There’s a lot of a scuttlebutt surrounding the The Bret Easton Ellis Podcast; partly because its host is an author revered by a generation of aging angsters (not unlike myself), and partly because he’s had two mega A-listers on his show: Kanye West and Judd Apatow. Needless to say, iTunes is a big fan.
My maiden voyage with Ellis’ show was the Judd Apatow episode (part one), and in all honesty, I will probably never listen to the Kanye West episode; I really don’t understand why what he says matters. But I am “aging,” as I noted in the opening graph.
I’ve heard several Apatow interviews over the past couple years, and I like a lot of the things the he’s done, but dude is a serious downer, and speaking of depressing guys, Ellis isn’t exactly Richard Simmons. I know these guys deal in malaise and the existential funk brought on by one’s resignation to mediocrity, but it’s OK to talk about the bright side every now and then. Right?
The podcast advertises “a glimpse into one of popular culture’s most fascinating minds.” Well, what I listened to was engaging, and Ellis certainly is a fascinating guy. But what I also heard was a lot of heavily trodden philosophical jibber jabber about where we’re heading as a society, and how our kids just aren’t going to have the coping skills we all amassed in our hard-scrabble upbringings.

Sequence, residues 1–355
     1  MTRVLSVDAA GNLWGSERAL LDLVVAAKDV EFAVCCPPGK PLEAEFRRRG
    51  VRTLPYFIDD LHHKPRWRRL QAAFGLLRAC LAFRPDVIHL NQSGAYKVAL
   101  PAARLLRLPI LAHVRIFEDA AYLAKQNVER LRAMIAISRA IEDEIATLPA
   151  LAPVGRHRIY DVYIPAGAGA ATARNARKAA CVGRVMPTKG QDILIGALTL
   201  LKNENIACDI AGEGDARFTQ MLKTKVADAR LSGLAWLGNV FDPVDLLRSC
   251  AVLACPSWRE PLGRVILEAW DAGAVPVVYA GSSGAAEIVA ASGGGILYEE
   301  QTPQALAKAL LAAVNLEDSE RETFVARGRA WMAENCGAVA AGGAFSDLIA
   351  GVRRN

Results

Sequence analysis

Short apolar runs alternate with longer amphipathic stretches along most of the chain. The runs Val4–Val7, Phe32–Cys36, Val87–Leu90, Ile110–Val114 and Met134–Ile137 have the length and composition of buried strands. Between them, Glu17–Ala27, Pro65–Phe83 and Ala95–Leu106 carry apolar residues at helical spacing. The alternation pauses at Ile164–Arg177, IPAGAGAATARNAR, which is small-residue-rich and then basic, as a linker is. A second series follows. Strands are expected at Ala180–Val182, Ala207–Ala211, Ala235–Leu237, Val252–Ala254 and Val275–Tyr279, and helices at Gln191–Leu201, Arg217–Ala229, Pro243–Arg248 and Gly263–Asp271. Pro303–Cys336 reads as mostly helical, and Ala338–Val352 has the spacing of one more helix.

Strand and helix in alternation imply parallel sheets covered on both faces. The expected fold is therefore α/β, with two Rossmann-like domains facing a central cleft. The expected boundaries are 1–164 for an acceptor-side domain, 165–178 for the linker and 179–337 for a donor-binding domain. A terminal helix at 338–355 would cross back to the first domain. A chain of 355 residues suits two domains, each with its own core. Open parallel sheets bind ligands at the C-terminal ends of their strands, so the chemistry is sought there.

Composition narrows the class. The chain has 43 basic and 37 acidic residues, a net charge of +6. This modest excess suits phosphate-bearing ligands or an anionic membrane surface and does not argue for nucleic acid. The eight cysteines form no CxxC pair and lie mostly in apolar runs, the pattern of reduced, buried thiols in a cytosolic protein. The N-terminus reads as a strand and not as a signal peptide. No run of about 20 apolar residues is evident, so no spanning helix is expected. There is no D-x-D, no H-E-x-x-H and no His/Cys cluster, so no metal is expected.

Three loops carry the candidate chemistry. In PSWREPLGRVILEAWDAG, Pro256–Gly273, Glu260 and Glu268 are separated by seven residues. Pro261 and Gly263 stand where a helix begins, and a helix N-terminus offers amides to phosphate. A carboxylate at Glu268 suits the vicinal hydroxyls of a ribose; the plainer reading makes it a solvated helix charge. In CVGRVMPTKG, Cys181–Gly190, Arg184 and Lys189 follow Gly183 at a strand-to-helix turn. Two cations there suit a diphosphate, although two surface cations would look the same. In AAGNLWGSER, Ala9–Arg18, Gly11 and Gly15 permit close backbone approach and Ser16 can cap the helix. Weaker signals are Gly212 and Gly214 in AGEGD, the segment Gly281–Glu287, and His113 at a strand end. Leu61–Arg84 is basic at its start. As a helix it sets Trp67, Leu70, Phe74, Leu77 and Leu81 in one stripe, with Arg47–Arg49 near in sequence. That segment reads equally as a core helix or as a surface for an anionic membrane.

What amazes me is every generation says this about their kids, yet we always think our situation is different. Every era subscribes to a unique perspective on the end of the world, and how things are going down the tubes. And every generation utters the expression, ‘kids today.’ Both figuratively and literally. Granted, this was the very beginning of the Apatow interview, and many other topics were mined, but it was hard to shake that intro. Just a bad jumping off point in my opinion.
Maybe I just listen to too many comedy podcasts.